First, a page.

A Self-Assessment Test
Since this book was first published over 30 years ago, software testing has become more difficult and easier than ever.
Software testing is more difficult because of the vast array of programming languages, operating systems, and hardware platforms that have evolved in the intervening decades. And while relatively few people used computers in the 1970s, today virtually no one can complete a day's work without using a computer. Not only do computers exist on your desk, but a “computer,” and consequently software, is present in almost every device we use. Just try to think of the devices today that society relies on that are not software driven. Sure there are some—hammers and wheelbarrows come to mind—but the vast majority use some form of software to operate. Software is pervasive, which raises the value of testing it. The machines themselves are hundreds of times more powerful, and smaller, than those early devices, and today's concept of “computer” is much broader and more difficult to define. Televisions, telephones, gaming systems, and automobiles all contain computers and computer software, and in some cases can even be considered computers themselves.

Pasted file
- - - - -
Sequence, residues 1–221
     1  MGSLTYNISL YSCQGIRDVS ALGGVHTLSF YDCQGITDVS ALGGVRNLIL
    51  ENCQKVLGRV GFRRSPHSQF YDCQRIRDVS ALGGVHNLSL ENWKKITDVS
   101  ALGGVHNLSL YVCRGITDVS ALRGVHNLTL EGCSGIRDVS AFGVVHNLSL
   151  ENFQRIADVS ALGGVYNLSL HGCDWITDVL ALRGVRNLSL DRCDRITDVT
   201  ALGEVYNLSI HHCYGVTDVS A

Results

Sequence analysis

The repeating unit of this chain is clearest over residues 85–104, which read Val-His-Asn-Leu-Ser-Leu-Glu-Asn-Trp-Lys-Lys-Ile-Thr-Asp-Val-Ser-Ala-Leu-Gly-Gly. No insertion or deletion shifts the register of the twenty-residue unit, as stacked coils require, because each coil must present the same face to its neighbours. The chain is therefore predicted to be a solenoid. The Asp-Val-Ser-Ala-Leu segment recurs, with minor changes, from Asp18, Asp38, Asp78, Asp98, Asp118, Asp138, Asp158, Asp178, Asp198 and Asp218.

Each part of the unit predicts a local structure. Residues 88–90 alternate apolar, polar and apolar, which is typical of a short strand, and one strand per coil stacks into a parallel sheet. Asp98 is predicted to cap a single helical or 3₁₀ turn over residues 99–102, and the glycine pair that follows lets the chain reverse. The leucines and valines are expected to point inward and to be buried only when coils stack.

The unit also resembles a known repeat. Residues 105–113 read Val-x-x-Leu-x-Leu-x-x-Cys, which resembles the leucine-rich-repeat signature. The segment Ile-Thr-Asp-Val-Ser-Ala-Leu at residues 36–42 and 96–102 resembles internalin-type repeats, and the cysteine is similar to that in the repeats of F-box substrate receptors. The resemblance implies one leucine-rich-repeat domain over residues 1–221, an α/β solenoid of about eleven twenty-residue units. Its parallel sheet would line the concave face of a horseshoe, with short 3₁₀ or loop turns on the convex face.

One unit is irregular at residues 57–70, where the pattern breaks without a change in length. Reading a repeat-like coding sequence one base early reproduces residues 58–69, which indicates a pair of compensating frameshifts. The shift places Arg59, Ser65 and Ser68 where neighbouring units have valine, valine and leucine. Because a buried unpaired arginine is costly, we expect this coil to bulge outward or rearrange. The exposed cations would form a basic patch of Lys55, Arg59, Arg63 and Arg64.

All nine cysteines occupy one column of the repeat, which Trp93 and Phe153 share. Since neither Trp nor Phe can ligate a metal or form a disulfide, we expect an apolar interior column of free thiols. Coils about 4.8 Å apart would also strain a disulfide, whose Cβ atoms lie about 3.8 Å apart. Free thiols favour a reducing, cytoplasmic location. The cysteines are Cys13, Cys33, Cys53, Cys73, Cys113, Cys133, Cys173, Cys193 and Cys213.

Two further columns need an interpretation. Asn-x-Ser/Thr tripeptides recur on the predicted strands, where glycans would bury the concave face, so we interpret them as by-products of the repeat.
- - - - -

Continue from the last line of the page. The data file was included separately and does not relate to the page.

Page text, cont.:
Therefore, the software we write today potentially touches millions of people, either enabling them to do their jobs effectively and efficiently, or causing them untold frustration and costing them in the form of lost work or lost business. This is not to say that software is more important ...